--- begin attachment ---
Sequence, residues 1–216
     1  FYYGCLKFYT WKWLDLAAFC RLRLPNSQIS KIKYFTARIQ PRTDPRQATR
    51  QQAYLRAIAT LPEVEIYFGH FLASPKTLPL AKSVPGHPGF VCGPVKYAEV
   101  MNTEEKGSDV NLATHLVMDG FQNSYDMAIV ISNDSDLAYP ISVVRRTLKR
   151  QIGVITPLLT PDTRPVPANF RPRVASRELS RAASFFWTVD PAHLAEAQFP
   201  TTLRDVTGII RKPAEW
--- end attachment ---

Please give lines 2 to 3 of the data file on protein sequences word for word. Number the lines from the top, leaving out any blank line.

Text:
     1  FYYGCLKFYT WKWLDLAAFC RLRLPNSQIS KIKYFTARIQ PRTDPRQATR
    51  QQAYLRAIAT LPEVEIYFGH FLASPKTLPL AKSVPGHPGF VCGPVKYAEV